Can Trinidad and Tobago's public service ever work remotely?
WHEN THE Prime Minister declared after the reading of the budget September 26 that the Government wasn't pursuing a work-from-home (WFH) policy, it was a state-level rejection of the concept.
This followed a March statement by former agriculture minister Clarence Rambharat that a WFH policy was being pursued.
In July, Public Administration Minister Allyson West promised that the Government's WFH policy would be completed by year-end and rolled out to all ministries.
If West and Rambharat were true to their word, the Government's WFH policy is "No." Which would be the most succinct government policy statement ever issued.
What is the Government giving up by refusing to consider WFH arrangements for public servants with any seriousness or enthusiasm?
The Telework Enhancement Act of 2010 codifies how remote work in done in the US public service.
Among the specifications it outlines is the difference between telework (employee reports to the office on an infrequent but defined schedule) and remote work, which becomes the office, and headquarters is visited only when required.
At a June 2021 webinar, the Organisation for Economic Co-operation and Development (OECD) posed these quite relevant questions:
"What has been learned about remote working in this last year? How do public servants expect to be working in the future? How can governments design new policies today to bridge the gap?"
At an Amcham webinar in July 2021 (https://bit.ly/3Memmul), Chief Personnel Officer Daryl Dindial explained the situation the public service faced.
"In the first wave, there was a significant loss of productivity, since the system just was not there. Over a few months or so, a lot of people started to use and understand the importance of maximising the technologies available to them and there was a better understanding of how we could use what exists to continue work, but there are still significant challenges with monitoring and evaluation of what happens when people are not [present] at any workspace."
Is the Prime Minister right when he notes that, "Some people not even working in the office"?
An inability to establish an effective correlation between the presence of labour and measurable output isn't just a problem in WFH scenarios.
Remote work monitoring solutions like mouse click, key-press monitoring and remote document surveillance have only created environments of annoyance and resentment that parallel the "massa coming" response to in-person supervisor surveillance.
Where performance indicators are present in the workplace and agreed on between management and labour, the tone and delivery of work fundamentally change.
The OECD found, "The association of presence with productivity is being replaced in most knowledge-based (and office-based) workplaces with a focus on outputs and outcomes."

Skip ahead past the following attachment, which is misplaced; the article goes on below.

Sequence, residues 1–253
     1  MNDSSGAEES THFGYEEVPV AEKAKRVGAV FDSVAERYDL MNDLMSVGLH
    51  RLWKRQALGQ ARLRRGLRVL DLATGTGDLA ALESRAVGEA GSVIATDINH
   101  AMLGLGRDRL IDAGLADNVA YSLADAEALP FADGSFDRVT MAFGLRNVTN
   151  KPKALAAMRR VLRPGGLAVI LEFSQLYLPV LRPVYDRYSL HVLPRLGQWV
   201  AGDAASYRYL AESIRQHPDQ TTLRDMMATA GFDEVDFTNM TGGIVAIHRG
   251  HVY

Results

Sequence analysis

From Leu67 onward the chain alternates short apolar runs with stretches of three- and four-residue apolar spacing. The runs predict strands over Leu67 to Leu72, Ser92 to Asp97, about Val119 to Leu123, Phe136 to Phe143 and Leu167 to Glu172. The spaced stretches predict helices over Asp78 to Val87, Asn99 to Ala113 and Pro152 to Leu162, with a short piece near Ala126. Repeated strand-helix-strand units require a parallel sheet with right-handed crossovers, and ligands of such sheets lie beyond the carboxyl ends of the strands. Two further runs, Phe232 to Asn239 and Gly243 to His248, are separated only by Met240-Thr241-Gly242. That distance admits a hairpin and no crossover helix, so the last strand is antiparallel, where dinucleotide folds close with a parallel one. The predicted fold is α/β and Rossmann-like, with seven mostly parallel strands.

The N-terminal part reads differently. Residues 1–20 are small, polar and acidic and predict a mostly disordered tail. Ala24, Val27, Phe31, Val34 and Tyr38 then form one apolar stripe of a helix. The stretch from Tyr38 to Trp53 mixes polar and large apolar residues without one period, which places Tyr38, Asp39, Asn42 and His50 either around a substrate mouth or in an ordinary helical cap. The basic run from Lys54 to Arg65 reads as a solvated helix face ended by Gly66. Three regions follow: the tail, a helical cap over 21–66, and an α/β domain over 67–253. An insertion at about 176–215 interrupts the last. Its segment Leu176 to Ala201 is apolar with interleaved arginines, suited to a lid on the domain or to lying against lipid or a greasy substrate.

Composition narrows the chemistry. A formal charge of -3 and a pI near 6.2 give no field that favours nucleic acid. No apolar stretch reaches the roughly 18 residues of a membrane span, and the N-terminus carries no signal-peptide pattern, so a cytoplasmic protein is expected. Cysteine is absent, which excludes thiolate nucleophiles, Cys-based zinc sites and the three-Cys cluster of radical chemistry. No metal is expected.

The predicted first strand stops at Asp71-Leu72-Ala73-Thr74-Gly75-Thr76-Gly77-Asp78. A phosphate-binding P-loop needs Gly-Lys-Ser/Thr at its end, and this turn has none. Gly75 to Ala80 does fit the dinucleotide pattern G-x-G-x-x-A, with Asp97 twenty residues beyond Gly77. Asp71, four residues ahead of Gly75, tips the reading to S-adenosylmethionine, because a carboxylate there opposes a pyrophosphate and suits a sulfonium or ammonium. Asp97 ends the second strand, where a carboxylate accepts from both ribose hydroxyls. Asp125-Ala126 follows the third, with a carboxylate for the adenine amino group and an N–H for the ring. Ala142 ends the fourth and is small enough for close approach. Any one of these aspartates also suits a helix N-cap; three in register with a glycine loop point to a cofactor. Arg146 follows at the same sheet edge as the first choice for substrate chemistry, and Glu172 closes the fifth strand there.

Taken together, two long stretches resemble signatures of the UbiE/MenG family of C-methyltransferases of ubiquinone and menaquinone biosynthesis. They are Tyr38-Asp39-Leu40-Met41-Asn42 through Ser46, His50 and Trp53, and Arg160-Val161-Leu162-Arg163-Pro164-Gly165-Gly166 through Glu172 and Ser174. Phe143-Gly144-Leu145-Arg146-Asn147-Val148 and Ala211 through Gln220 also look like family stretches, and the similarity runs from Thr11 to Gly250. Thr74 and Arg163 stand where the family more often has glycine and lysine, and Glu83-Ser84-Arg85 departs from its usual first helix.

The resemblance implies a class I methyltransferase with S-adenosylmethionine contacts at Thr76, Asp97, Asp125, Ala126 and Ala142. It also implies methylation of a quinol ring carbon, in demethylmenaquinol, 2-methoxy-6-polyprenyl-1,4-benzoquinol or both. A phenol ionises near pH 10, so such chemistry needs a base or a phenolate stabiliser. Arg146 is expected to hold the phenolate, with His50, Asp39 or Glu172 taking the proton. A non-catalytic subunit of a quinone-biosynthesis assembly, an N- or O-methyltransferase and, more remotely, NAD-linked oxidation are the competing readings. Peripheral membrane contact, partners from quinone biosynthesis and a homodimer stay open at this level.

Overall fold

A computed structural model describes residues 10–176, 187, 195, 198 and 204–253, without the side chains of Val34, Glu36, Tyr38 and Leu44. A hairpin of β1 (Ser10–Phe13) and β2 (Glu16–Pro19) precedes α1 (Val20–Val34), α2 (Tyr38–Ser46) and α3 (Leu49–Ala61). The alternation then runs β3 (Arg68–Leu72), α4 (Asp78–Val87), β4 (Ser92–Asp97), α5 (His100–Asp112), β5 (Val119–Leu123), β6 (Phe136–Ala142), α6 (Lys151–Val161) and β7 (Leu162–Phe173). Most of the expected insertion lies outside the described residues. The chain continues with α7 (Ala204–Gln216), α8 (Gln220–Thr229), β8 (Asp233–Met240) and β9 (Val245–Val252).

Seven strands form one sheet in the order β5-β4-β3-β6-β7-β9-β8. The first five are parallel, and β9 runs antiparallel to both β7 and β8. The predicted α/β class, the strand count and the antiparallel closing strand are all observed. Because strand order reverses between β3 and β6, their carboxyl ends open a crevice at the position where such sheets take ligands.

"Modern management should care less about the number of hours in the office than they do about the quality and quantity an employee is able to produce, regardless of where they do it from."
Focus on the worker
CPO Dindial noted that an important attribute for remote work is the workers’ capacity for self-leadership.
"The public perception and the perception of public officers, if they're not being monitored and assessed properly, is what are they going to do when they're in their own space, in their own environment? Are they going to be driving the work as we expect them to?" Dindial said.
Every worker won't be able to work remotely. Some jobs require in-person presence, but among knowledge workers, presumption should begin from the position that work can be done remotely.
Remote work isn't easier. Employees have the dual challenge of completing tasks while ensuring that they are part of the organisation's formal and informal networks of knowledge transfer. Successful WFH implementations reflect the importance of ensuring that everyone feels that they are part of the workforce.
"Trust," the OECD found, "is a fundamental aspect of a positive workplace culture. In some cases, remote working may have helped improve trust by proving that presence is not a precondition for productivity."
Regrettably, the Government's statements on WFH suggest that it has discovered something different in the TT public service. That should be a matter for urgent investigation and analysis.
Being unable to offer remote work as an option for the type of employees it hopes to attract for digital transformation will compound poorer pay compared to the private sector, abusive traffic congestion, limited opportunities for advancement and crippling bureaucracy as disincentives for exactly the kind of talent that could transform the public service.
Mark Lyndersay is the editor of technewstt.com. An expanded version of this column can be found there
"Can Trinidad and Tobago’s public service ever work remotely?"